And an output signal is outputted through a reset gate signal output unit, which outputs a reset gate signal generated in accordance with an address signal and a reset signal that are inputted through the address signal line and the reset signal line, respectively, a select gate signal output unit, which outputs a select gate signal generated in accordance with the address signal and a select signal that are inputted through the address signal line and the select signal line, respectively, or a transfer signal output line, which outputs a transfer signal inputted through the transfer signal line.

The row decoder 330 selects a pixel row, and then the column decoder 370 extracts data from each pixel in the selected row. Subsequently, the extracted data is later amplified. In the same manner, data is extracted from all the pixels of the pixel array.

The CDS & ADC converts the extracted pixel data, which is analog data, to digital data, and performs sampling, thereby producing a high quality image.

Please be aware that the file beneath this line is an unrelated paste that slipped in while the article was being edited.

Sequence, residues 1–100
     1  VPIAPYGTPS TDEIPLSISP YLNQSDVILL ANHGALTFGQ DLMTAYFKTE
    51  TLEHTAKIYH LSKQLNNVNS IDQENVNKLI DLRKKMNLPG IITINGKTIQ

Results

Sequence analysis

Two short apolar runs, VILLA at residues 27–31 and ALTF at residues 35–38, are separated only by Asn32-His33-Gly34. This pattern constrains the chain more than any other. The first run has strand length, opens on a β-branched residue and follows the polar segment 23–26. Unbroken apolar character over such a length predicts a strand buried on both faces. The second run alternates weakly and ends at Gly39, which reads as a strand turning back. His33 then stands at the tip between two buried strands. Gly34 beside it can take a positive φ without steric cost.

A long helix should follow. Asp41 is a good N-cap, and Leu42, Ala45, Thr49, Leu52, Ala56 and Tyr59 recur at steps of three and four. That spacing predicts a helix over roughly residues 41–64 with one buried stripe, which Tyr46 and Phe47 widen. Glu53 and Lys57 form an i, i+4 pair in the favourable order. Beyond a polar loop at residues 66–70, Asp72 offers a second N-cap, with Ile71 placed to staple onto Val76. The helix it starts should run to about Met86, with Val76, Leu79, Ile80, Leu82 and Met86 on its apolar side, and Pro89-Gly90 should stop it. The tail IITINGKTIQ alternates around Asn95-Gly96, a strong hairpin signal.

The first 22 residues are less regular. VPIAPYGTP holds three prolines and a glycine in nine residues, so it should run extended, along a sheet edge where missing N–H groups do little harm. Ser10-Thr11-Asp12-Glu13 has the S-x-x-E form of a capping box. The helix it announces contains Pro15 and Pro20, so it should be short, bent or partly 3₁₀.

FIG. 4 is a circuit diagram of a unit pixel of a CMOS image sensor having 4-T structure. FIG. 5 is a layout of the unit pixel shown in FIG. 4, and FIG. 6 is a typical circuit diagram of a row decoder. Referring to FIG. 4, the unit pixel includes a photo diode (PD), a reset transistor (Rx), a transfer transistor (Tx), a drive transistor (Dx), and a select transistor (Sx). The PD performs photoelectric conversion, the Rx resets the PD according to the reset gate signal, the Tx transfers electrons accumulated in the PD to a floating diffusion region in response to the transfer signal, the Dx changes a source-follower circuit current according to a voltage change in the floating diffusion region, thereby changing an output voltage of the unit pixel, and the Sx outputs the output voltage of the unit pixel, which is generated due to the voltage change in the floating diffusion region, in accordance with the select gate signal.